How many times have you said ‘yes’ to something when you really wanted to say no? OR worse … you did say no and then found yourself having to explain to that other person why your answer was no. I have come to the point in this journey where I believe whole-hearted that “No is a complete sentence” and it doesn’t require a two-hour dissertation about why I said no to your request.
I made a decision this month. It was a BIG life-changing decision and one that I had been going back and forth on for years. It took me a long time to come to this place but once I said it, once I felt it, I knew that it was the right decision. The decision affected others who are closest to me so when I shared my decision, the backlash started. The old me wanted to back down. I felt like I had to explain my decision and that just made me feel defensive which then turned into anger. At the end of the rollercoaster ride through all my emotions, my Quest-questions came up, why couldn’t I just say, “No I don’t want to do that. This is what I want to do and I’m going to do it.”
When I began to realize that my old behaviors and coping devices were no longer working for me anymore, it was too late. I had already engaged in WAY too many conversations about my decision. I had gotten defensive, stomped around and basically felt a temper tantrum coming on (and I wonder where my son gets this behavior?). Why the drama? Why didn’t I just hold my ground and start to move forward making plans with my new decision?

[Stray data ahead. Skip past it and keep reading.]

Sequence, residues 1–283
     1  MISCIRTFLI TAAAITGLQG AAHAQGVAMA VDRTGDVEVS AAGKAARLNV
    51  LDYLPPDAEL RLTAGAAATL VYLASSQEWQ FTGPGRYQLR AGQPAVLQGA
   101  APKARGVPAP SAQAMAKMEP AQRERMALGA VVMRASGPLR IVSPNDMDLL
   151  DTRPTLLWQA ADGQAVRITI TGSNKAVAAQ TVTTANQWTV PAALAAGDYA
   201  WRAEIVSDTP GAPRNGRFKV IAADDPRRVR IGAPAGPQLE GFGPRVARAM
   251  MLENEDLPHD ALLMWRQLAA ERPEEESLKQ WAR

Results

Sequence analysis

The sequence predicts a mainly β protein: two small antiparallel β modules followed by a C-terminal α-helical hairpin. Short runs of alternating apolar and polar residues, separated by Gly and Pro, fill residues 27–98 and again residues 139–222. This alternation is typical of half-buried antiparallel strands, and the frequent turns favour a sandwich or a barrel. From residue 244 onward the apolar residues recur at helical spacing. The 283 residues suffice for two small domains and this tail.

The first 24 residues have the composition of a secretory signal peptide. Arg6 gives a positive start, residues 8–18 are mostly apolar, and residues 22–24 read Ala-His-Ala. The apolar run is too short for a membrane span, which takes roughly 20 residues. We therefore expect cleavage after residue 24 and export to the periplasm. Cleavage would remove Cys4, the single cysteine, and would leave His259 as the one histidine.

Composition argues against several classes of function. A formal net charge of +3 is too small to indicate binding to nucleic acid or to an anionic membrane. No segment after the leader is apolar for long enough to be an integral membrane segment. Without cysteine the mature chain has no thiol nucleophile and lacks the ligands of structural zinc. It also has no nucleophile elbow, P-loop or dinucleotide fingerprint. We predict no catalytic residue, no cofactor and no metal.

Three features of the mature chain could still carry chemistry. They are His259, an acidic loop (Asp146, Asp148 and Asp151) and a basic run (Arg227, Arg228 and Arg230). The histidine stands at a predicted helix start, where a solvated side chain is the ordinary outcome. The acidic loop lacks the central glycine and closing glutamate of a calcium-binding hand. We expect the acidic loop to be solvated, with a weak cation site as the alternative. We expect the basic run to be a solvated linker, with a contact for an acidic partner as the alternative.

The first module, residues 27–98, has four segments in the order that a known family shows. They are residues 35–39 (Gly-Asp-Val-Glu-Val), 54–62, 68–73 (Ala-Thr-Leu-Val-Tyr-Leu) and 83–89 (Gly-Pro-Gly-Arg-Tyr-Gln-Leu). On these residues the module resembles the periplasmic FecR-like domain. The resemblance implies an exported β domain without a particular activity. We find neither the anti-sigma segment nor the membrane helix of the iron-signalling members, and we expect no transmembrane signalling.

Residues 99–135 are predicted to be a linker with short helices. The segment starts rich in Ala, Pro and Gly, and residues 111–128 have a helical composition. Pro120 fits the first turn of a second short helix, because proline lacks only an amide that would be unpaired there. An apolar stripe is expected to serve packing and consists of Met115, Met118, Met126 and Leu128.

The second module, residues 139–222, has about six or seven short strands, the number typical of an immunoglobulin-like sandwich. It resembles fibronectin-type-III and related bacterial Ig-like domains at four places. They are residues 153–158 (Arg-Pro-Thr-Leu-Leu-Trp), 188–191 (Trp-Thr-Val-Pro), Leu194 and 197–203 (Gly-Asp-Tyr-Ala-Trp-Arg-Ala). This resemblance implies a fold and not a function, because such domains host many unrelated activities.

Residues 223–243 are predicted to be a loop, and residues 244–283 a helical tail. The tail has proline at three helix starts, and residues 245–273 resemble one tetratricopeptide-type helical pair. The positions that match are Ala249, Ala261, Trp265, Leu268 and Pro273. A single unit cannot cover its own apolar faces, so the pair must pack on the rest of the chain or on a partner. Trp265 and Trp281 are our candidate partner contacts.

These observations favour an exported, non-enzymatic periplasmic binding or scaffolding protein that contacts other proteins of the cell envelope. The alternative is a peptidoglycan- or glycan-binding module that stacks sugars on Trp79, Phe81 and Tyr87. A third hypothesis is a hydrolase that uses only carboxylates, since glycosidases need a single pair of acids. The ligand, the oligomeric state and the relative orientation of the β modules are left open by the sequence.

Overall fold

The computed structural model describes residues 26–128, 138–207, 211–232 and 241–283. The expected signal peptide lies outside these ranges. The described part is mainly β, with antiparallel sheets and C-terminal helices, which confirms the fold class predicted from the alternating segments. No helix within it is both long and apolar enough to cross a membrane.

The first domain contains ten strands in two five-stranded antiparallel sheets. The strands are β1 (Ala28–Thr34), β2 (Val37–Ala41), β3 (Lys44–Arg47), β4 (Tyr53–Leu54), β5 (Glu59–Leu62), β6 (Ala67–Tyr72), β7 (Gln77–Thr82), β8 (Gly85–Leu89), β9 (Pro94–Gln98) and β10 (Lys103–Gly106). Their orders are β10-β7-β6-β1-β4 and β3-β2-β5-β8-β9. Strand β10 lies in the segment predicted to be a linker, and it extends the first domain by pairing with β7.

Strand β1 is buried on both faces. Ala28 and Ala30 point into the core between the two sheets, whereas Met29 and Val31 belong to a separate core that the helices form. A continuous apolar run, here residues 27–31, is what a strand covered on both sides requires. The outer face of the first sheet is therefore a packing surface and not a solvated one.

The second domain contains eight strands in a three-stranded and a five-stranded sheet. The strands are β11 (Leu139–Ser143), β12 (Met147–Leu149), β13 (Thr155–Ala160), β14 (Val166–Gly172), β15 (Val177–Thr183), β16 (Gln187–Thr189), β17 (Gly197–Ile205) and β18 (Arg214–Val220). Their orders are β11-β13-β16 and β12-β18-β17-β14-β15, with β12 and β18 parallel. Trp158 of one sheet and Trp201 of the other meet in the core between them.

It was a light bulb moment … the fact that I was ready to back down meant that I was doubting myself. I wasn’t trusting my ability to make my own decisions. I had allowed others to influence my choice, even though I knew that deep in my heart, my decision was truly what I wanted to do.
While I was sorting through my emotions, I happened to catch the movie called How Do You Know and I received one of those infamous messages that always seem to come to me when I’m looking for answers.
In the movie, one of the main characters George hands his romantic interest Lisa a can of Play-Doh for her birthday. George explains the story about the Play-Doh – that this ‘moldable substance’ was originally used to clean wallpaper (it’s true, Google it!) and as the need for wallpaper cleaning was no longer needed, Noah McVicker (the inventor of Play-Doh, yes, that’s his real name) with the help of his sister-in-law (a teacher) discovered that school children preferred it to traditional modeling clay. McVicker added color and Play-Doh as a toy for kids was born.
George then says to Lisa, “So I have kept this for a long time, as proof that we’re all just one small adjustment away, from making our lives work.”
As I continue to move through this discovery process, I’m learning that ‘No is a complete sentence.’ And that the word yes can be its own sentence as well. The story about George and his Play-Doh birthday gift shows us that when we learn to say no to what we don’t want and ‘yes to the small adjustments in life’ then it can certainly add up to big changes in our lives.
Photo credit: http://www.flickr.com/photos/paloetic/4766601047/